In the U.S. copyright statute, the effective lifetime of a corporation is 25 years after a work is first published.

          • Copyright in a work of individual authorship subsists until 70 years after the end of the calendar year in which the last surviving author dies.
          • Copyright in a work published before 1978 or a work made for hire subsists until 95 years after the end of the calendar year of first publication (or for 120 years after the end of the calendar year of creation if not published within 25 years).

          Prior to

          • And if the property is sold to a subsidiary?

            Let's not study the usual solution for corporations of making the most minimal modification and claiming a new copyright, which is surely not supposed to happen, but the government can hardly keep up, and will grant despite no significant change.

            It's a racket. All I can ask is that it be reasonable, and for a corporation 'reasonable' isn't anything like what I would like it to be. 'Fair' no longer seems to be a concept in law.

            • I think you are misunderstanding. If a corporation is the author of the work, the term is a flat, fixed 25 years from date of first publishing. No trickery works to extend that. Selling it, or the rights, to a different corporation does not change the first date of publication.

              But, of course no works are authored by corporations. Instead, corporations pay people to author things and transfer copyright rights to the corporation. That means that the individual terms apply to the work.

              • by tepples ( 727027 )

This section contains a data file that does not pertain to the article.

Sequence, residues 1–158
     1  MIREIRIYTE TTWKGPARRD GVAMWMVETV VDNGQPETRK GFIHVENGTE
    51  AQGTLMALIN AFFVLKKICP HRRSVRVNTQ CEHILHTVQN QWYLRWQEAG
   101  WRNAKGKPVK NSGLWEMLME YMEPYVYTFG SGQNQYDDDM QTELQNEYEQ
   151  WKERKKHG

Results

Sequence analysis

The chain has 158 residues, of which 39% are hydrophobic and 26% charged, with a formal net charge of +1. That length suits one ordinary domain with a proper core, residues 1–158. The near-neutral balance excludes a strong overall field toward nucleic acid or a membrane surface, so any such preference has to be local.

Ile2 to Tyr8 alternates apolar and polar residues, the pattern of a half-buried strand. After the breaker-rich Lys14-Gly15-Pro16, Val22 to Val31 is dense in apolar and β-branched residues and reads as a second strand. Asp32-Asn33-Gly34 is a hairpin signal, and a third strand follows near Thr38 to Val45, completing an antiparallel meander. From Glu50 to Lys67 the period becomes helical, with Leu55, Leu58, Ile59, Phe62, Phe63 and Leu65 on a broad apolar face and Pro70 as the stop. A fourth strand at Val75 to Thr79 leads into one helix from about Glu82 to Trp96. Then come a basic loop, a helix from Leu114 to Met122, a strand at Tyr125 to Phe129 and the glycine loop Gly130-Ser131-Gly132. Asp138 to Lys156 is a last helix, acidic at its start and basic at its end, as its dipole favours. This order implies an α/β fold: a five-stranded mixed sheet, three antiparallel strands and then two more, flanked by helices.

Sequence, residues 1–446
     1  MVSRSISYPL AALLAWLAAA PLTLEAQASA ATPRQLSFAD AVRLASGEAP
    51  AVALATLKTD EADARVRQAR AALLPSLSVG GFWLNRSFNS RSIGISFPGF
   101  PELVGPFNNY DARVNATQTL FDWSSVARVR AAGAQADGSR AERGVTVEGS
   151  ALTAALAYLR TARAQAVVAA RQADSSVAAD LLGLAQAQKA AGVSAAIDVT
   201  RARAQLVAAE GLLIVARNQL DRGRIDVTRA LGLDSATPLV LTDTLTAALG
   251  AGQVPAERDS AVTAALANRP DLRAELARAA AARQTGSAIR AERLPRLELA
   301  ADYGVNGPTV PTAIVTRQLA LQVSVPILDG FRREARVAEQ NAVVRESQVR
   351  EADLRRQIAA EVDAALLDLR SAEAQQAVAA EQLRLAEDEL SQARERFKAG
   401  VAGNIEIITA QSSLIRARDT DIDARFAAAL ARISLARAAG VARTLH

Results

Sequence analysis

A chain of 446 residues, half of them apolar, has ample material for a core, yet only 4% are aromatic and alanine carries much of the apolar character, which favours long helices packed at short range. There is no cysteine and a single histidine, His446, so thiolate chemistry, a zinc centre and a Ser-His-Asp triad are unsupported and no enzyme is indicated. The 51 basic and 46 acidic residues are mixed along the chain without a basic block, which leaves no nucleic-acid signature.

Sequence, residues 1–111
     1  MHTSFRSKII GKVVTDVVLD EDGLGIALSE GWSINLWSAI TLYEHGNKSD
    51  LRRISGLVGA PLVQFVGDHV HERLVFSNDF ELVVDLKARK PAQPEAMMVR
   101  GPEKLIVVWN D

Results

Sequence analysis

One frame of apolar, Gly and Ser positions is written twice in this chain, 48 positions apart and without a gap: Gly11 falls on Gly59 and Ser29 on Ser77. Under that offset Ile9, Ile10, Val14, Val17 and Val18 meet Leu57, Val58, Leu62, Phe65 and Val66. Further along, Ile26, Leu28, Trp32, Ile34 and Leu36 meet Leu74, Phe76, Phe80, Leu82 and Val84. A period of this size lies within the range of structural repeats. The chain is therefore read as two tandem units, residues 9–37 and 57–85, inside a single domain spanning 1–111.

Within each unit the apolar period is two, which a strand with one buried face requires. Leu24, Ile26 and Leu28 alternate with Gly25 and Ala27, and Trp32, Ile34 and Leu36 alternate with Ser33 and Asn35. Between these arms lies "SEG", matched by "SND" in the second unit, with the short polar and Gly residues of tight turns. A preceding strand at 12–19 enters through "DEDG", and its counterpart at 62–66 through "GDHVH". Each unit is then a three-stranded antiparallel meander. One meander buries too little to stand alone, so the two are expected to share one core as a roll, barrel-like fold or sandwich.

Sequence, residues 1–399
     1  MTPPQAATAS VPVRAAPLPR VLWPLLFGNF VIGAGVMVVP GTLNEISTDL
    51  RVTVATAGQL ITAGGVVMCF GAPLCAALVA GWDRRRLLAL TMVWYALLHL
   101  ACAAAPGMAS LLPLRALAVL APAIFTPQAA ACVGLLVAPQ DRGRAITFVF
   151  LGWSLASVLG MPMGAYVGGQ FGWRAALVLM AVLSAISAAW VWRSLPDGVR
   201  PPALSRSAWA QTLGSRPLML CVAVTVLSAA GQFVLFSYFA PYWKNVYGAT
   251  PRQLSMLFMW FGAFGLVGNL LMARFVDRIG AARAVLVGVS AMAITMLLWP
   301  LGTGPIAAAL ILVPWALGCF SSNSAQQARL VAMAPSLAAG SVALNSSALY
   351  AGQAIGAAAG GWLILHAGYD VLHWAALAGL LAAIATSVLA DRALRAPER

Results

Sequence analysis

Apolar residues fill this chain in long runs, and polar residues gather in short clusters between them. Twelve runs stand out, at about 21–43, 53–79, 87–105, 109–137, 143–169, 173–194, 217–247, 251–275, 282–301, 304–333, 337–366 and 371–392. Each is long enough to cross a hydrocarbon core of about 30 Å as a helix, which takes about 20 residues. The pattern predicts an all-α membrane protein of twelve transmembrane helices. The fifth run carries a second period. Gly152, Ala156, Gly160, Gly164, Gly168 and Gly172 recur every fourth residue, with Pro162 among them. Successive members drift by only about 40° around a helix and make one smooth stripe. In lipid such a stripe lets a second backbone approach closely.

But, of course no works are authored by corporations.

                A corporation is considered the author of "a work prepared by an employee within the scope of his or her employment" (17 USC 101). This "scope of his or her employment" is for the courts to decide based on several factors [wikipedia.org], though the statute does list situations in which works commissioned by the client of a contractor are deemed made for hire: "as a contribution to a collective work, as a part of a motion picture or other audiovisual work, as a translation, as a supplementary work, as a compilation, as an

        • by chihowa ( 366380 )

          But copyright is so broken it's criminal. Despite the problems, we have greater problems in American to solve, such as the open disdain for and circumvention of law at all levels, in every area.

          The latter problem is intimately related to, and follows from, the former (and similarly broken laws). Fixing copyright law will actually help to fix the open disdain for law in general.

          To make laws that man cannot, and will not obey, serves to bring all law into contempt.

          Elizabeth Cady Stanton

    • by swb ( 14022 )